THANKS for God's protection of the Queen "that has embraced Her Majesty on every side" were delivered in the House of Lords on Thursday by the Archbishop of York.
"We also want to pay tribute to the sincerity, wisdom and devotion which she has consistently manifested throughout her long and glorious reign," Dr Sentamu said. "They have served greatly to strengthen that bond between the Sovereign and all her Peoples."
Each of the seven Archbishops of Canterbury and of York that had served since the Queen's coronation had valued her "support, interest, faithfulness and prayers . . . more than it is possible to describe," he said. "There are very few other people to whom an Archbishop can open his heart knowing that his confidences will go no further and certain that at the end of the conversation he will go away affirmed and encouraged."
The Archbishop of Canterbury later tweeted: "Wishing Her Majesty a happy 90th birthday. Thankful to God for her ceaseless and faithful service rooted in deep Christian faith "
Last Friday, a call for national unity on the Queen’s 90th birthday was joined by the Bishop of Manchester, Dr David Walker, and the Dean of Manchester, the Very Revd Rogers Govender.
The call, organised by One Britain One Nation (OBON), took place at the British Muslim Heritage Centre in Whalley Range, Manchester. It was attended by representatives of Manchester City Council and Manchester Police. OBON was founded by Kash Singh, a former police inspector, who hopes that, on 10 June — her official birthday — people will sing the national anthem, fly the Union flag, and sing “Happy Birthday” to the Queen.
“Our many cultures, faith traditions, artistry, and ingenuity strengthen us all, and make us fit to compete with other great global cities,” Dr Walker said. “One Britain One Nation stands for the Manchester of which I am proud to be part.”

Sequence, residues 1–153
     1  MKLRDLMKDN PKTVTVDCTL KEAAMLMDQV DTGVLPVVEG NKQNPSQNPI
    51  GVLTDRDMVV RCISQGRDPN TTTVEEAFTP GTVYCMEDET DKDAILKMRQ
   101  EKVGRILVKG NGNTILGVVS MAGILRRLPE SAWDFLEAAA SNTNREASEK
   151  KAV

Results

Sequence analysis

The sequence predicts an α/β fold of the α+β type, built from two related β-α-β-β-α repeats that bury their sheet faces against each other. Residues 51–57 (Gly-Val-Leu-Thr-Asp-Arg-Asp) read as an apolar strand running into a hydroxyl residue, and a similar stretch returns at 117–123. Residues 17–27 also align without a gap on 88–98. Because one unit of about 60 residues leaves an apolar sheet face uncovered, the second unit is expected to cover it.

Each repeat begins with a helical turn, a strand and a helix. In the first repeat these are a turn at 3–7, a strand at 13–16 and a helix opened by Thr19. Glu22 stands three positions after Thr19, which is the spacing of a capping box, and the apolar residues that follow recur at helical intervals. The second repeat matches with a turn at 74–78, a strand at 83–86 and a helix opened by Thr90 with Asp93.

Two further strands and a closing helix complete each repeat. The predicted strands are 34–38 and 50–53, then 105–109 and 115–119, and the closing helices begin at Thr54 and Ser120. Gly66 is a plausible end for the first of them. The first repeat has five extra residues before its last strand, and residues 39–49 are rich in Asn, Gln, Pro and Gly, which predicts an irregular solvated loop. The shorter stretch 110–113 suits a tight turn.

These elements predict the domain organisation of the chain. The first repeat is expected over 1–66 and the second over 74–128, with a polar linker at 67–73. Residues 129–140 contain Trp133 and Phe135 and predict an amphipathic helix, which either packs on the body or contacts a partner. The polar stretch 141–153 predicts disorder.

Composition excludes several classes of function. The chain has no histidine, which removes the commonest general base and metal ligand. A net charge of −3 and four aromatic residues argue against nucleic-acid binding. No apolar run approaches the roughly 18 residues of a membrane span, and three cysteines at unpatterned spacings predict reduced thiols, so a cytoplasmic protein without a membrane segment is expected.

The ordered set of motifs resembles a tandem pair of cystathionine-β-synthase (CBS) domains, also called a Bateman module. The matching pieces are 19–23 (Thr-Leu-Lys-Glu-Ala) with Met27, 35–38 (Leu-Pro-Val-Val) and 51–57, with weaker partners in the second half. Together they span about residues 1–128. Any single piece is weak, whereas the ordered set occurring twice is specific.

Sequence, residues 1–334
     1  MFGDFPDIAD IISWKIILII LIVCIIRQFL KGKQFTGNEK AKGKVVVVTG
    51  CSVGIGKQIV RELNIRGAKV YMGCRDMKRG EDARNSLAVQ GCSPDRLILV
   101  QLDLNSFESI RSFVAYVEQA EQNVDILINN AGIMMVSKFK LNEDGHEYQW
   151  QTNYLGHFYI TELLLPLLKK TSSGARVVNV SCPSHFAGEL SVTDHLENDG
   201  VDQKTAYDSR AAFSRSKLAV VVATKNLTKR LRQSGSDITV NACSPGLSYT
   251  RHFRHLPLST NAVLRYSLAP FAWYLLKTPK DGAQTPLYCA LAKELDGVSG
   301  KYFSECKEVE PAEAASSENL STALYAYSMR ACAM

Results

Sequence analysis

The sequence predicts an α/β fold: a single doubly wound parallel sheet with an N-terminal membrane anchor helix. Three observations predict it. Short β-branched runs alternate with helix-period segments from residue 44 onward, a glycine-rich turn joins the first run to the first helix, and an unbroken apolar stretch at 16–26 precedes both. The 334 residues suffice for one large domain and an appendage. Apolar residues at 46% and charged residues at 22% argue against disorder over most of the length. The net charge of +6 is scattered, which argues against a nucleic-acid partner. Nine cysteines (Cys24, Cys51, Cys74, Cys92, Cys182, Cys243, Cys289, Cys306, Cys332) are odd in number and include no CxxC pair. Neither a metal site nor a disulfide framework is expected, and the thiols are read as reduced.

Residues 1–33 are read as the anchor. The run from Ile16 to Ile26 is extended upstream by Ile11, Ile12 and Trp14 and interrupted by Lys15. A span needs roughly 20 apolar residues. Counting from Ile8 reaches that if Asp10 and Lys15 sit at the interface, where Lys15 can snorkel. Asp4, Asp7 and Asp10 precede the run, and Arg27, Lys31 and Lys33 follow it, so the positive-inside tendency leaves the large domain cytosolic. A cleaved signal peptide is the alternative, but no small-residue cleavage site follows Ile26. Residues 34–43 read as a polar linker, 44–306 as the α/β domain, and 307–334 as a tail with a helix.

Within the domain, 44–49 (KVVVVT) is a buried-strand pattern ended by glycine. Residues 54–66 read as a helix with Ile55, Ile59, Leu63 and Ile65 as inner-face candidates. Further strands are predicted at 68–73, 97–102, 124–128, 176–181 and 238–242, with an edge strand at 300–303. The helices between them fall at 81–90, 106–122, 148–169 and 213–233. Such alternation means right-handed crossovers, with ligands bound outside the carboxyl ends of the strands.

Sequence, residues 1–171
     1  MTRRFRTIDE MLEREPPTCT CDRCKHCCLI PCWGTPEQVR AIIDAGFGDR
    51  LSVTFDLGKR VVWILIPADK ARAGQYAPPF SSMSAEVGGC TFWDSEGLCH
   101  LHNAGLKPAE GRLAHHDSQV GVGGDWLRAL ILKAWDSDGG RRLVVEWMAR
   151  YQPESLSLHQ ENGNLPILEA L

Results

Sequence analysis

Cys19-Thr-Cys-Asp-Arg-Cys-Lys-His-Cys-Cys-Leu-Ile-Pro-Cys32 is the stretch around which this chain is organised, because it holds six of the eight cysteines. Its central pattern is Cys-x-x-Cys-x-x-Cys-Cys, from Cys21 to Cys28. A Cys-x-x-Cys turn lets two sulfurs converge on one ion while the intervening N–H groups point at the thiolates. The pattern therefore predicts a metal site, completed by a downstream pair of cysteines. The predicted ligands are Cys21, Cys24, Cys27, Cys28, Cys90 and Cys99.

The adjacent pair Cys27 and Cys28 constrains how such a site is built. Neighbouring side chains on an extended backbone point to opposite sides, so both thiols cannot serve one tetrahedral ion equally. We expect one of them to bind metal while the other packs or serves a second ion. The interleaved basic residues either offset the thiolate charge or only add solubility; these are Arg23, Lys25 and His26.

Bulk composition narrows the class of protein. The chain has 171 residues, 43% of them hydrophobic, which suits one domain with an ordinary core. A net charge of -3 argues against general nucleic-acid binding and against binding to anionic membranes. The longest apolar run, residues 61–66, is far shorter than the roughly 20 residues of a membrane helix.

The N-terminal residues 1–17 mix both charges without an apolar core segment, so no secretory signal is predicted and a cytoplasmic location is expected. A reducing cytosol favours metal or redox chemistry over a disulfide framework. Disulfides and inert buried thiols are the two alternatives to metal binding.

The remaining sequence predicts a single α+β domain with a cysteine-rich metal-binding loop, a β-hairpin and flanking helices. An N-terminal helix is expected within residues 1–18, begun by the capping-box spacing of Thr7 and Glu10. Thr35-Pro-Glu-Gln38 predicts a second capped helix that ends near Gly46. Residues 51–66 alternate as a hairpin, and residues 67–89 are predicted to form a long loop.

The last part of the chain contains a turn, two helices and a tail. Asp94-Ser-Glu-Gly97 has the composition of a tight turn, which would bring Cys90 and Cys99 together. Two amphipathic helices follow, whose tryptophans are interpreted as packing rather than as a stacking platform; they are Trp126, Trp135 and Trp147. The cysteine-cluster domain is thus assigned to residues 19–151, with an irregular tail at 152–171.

Birthday greetings were sent to the Queen from Lusaka this week by the members of the Anglican Consultative Council.
Sing for the Queen
AN ANTHEM commissioned by St Paul’s Cathedral for the Queen’s birthday service in June is being made available for other choirs around the country to use, writes Glyn Paflin.
The anthem, by the Master of the Queen’s Music, Judith Weir, has been written with choirs of varied ability in mind. The text is based on a poem by Robert Bridges: “I love all beauteous things”. A statement from St Paul’s says that the anthem will be “joyous, uplifting, and memorable”. The National Service of Thanksgiving will be held in St Paul’s on Friday 10 June.
The Precentor of St Paul’s, Canon Michael Hampel, who commissioned the piece, said: “Robert Bridges was Poet Laureate 90 years ago when the Queen was born, and Judith Weir is her current Master of the Queen’s Music; so, in this anthem, music and verse from across the Queen’s nine decades come together to celebrate a truly remarkable woman who has been — quite simply — one of the best heads of state any nation could have.”
The Director of Music at St Paul’s, Andrew Carwood, said that Weir was “one of the world’s great composers. Her sympathetic word-setting, together with her ability to write direct and powerful music is a winning combination. We very much hope that choirs around the country will enjoy performing this piece as much as we will.”
The composer described the commission as “a particular honour”.
The score is being published by Chester Novello, and a sample can be viewed online.